The unit has been visited by municipal building inspectors, the Housing Development Agency and NHBRC amongst other stakeholders. Feedback received has enabled refinements to the design. Detailed designs for five variations of the typology were developed ranging from single story 15m2 unit to a 45m2 double story unit.
The cost of the baseline 31m2 unit is approximately R84,000 (materials, labour and P&G) at a per-square-meter cost of approximately R2,700. Given that the use of the typology unlocks the more productive use of scarce, well-located land which cannot be developed using conventional low-cost housing methods, the slight per-square-meter cost premium of the typology (due principally to its more labour-intensive construction method and different materials) is regarded as a more than fair trade off. The significant use of timber in the construction (which is a renewable resource) and the high labour content and job creation potential, are added benefits.
Click here for the newsletter on optimised servicing and new LIFT housing typology.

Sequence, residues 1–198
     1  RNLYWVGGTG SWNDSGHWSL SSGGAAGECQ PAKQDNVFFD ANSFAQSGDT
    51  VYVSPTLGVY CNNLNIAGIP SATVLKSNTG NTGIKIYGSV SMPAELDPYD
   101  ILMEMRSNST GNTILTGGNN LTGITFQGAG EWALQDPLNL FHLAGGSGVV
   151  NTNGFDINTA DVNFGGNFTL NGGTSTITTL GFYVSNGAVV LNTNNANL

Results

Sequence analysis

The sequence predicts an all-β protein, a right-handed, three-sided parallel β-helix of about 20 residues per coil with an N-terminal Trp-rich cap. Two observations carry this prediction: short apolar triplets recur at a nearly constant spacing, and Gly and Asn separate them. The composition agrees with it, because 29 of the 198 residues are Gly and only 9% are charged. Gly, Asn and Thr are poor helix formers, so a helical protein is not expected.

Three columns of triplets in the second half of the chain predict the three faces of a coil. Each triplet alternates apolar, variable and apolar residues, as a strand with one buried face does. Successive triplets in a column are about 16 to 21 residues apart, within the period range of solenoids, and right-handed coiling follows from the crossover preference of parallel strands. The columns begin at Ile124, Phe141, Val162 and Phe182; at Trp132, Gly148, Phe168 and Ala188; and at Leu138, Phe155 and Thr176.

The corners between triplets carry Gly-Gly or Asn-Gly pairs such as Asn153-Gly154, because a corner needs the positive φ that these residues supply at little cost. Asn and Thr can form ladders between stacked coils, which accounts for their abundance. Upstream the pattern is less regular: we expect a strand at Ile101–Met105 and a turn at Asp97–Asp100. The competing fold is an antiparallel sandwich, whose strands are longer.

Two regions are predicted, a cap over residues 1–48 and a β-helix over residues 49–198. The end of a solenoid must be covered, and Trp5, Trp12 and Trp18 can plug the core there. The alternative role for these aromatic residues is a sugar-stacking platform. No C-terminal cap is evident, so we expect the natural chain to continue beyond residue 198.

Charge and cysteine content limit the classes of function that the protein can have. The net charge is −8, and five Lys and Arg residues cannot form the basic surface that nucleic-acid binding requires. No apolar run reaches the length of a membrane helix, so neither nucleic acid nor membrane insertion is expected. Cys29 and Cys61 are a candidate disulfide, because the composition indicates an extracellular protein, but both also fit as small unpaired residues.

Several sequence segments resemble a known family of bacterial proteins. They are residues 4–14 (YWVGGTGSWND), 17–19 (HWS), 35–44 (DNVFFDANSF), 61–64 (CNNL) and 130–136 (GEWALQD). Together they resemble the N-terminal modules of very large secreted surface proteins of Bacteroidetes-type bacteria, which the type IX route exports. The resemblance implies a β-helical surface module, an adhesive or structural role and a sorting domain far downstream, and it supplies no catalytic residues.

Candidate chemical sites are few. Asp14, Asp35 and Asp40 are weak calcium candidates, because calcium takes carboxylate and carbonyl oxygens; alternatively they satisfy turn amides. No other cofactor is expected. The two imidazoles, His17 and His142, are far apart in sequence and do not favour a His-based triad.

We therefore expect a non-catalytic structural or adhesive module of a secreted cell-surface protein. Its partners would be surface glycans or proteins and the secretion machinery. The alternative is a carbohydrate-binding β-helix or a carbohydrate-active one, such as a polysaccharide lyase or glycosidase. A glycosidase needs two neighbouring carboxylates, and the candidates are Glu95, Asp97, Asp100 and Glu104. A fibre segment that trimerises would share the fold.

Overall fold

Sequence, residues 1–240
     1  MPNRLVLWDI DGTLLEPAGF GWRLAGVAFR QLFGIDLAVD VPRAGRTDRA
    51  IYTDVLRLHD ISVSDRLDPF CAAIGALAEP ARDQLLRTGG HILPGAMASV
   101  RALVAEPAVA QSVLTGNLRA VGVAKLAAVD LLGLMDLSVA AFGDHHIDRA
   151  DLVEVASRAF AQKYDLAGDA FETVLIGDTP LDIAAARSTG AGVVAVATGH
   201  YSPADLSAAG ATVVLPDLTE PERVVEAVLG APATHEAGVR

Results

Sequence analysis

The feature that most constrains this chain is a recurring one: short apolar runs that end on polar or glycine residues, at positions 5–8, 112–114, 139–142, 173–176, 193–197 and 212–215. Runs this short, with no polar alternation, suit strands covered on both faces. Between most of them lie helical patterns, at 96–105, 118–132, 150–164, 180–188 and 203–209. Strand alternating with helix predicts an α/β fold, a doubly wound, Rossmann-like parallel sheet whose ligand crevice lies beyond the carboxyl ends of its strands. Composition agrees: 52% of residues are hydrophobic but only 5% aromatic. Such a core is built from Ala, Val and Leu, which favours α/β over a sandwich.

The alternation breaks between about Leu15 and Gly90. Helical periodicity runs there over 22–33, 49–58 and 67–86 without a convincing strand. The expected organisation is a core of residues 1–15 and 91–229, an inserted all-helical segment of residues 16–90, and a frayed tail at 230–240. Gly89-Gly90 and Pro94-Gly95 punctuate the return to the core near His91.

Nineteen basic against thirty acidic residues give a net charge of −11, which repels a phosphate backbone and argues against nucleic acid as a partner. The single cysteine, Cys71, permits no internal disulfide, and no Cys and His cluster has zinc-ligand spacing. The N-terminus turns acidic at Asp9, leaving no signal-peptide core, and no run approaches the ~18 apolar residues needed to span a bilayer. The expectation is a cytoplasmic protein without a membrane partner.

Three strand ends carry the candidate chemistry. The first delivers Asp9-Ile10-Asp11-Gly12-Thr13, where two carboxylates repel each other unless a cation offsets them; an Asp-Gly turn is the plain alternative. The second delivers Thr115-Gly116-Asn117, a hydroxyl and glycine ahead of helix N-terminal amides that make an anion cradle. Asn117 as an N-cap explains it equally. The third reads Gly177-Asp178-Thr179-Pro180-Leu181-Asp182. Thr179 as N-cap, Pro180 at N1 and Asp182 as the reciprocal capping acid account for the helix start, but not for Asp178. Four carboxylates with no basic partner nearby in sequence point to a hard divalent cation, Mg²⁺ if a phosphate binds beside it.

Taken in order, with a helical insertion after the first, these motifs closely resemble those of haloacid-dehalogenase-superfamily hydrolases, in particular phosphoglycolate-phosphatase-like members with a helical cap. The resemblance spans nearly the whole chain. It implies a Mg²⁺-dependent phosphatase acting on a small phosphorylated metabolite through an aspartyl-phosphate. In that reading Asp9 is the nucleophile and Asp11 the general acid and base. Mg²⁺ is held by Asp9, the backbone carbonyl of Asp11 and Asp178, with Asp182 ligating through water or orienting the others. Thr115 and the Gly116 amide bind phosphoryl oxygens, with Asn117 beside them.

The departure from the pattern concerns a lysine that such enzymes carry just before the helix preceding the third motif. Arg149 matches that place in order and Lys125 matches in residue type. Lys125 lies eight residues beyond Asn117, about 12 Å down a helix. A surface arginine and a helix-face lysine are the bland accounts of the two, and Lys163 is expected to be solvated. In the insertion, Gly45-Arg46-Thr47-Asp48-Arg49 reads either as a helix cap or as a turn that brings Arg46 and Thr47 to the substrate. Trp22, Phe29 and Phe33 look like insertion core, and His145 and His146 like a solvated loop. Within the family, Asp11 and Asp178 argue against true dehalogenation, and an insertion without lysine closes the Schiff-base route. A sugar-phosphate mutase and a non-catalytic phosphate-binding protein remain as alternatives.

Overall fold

Click here for HSRC-PPT Policy Brief regarding the typology.
Click here for summary PowerPoint Presentation for the three relocation sites which includes details of the housing typology and demo unit.
Click here for short video relating to the demo unit at Parkington.
Planning and design work has been completed for delivery of 157 of the alternative typology units on three de-densification relocation sites adjacent to settlements of Parkington, Havelock Road and Ezimbeleni. The relocations are required in order to open up space within the settlements to establish improved and more accessible basic services including improved sanitation, solid-waste management, fire controls and footpath access. All three settlements are dense and the improved services cannot be provided without partial ‘re-blocking’ and the relocation of small numbers of households. All required environmental assessments, approvals and exemptions have been obtained and the land is owned by the Municipality. Extensive engagement between the iQhaza Lethu / PPT team and various Metro service delivery line departments has occurred including those dealing with roads and footpaths, water and sanitation, solid waste and electricity.